It would seem to follow, therefore, that children of Romani nationality generally are mentally disabled, according to the assessments by the experts in these centers. That does not seem likely to me.
I do not believe such a relationship between an affiliation with a national group and a psychological disorder actually exists, even though it is being implied. I do not believe so many Romani children actually do have LMP, even if they are being diagnosed with it as if they were products coming off of an assembly line.
Much is being discussed here today about the common, inclusive education of the intelligent together with those diagnosed as LMP, but we need to reflect on whether all of these Romani children even are actually mentally disabled (even if they have been labeled with LMP since their youth). Romani children who have been assessed in the Czech Republic as pupils with LMP and enrolled into so-called "special schools" here surprisingly thrive in schools of a standard type when they move abroad, and to an above-average degree.
I have quite a few specific cases in mind when I make this claim. Personally, I see the basic flaw in the system as existing precisely in the routine that I have described here.
Let's be real - in the Czech prisons there is a high percentage of Romani prisoners compared to the overall number of members of the Romani nation in this society. This is my observation, but understandably I do not have a valid data analysis available to back that up.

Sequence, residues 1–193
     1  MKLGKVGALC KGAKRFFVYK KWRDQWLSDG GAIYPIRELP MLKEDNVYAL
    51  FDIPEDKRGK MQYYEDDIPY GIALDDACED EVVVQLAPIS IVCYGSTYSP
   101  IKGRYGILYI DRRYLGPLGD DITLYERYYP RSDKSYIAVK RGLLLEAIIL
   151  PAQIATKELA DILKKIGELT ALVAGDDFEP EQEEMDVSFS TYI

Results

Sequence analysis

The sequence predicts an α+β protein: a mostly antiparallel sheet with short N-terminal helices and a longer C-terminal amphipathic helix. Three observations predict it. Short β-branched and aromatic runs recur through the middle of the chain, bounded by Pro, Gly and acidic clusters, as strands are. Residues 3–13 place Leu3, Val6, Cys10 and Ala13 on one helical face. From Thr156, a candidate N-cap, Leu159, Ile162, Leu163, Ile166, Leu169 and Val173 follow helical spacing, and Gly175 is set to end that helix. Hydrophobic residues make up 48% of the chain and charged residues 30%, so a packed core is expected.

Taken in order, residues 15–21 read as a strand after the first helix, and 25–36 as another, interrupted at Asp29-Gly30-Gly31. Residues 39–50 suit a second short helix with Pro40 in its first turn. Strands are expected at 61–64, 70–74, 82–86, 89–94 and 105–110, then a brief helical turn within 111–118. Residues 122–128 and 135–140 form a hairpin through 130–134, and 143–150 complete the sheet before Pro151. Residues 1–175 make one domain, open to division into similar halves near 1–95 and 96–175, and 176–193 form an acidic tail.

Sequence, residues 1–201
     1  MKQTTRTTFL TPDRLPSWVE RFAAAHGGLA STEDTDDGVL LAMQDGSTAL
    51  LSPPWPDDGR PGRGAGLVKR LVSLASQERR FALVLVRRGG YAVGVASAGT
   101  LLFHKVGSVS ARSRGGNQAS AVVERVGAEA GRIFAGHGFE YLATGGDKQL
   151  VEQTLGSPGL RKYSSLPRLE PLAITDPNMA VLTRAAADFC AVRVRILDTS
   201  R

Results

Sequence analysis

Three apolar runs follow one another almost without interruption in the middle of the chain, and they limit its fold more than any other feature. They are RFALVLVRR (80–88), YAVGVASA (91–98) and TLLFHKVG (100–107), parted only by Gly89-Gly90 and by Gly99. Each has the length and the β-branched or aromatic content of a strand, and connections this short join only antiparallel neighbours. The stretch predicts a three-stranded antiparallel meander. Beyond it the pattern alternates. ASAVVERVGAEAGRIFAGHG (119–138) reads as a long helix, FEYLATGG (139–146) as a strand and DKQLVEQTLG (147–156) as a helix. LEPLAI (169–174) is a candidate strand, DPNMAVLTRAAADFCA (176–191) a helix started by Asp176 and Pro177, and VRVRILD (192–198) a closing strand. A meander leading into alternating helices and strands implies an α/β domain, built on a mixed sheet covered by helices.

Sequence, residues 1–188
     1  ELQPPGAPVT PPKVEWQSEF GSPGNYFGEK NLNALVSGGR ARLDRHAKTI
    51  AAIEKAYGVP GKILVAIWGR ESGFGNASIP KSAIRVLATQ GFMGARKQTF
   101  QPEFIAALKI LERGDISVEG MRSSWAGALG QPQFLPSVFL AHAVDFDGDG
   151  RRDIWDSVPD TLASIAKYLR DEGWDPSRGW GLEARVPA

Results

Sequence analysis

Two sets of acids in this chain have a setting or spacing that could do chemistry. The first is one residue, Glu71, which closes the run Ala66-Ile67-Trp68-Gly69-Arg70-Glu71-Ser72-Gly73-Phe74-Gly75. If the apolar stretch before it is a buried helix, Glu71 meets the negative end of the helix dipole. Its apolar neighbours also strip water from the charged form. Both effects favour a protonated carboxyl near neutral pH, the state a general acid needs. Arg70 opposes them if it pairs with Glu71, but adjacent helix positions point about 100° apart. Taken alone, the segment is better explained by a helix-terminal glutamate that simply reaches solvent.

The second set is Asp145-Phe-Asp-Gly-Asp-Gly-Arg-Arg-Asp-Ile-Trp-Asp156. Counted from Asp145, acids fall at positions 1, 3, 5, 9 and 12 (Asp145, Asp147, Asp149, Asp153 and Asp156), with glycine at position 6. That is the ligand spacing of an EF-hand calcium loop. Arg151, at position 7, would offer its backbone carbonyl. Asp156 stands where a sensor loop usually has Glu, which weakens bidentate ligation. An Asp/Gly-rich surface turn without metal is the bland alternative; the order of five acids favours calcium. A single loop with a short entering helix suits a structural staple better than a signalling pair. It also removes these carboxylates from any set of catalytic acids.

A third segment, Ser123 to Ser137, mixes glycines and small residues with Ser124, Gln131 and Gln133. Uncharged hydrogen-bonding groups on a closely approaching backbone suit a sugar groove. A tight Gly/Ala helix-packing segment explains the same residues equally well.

I can deal with that. I surmise that many Romani people commit crimes, and therefore many of them are convicted and sentenced to prison - and I will leave a deeper probe of the causes behind that to another time.
There is a high percentage of Romani children in the so-called "special schools" in the Czech Republic compared to the overall number of Romani people in society. That is a situation I will never be able to accept, because I disagree with what it implies - I do not believe so many Romani children are "stupid".
I am of the opinion that the practice of hiding these pupils away in the "special schools" is based solely on these assessments of these children as allegedly having LMP - that's the catch. I do not believe so many children actually have LMP.
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- Karel Holomek: Our children, Czech and Romani, need to go to school together now more than ever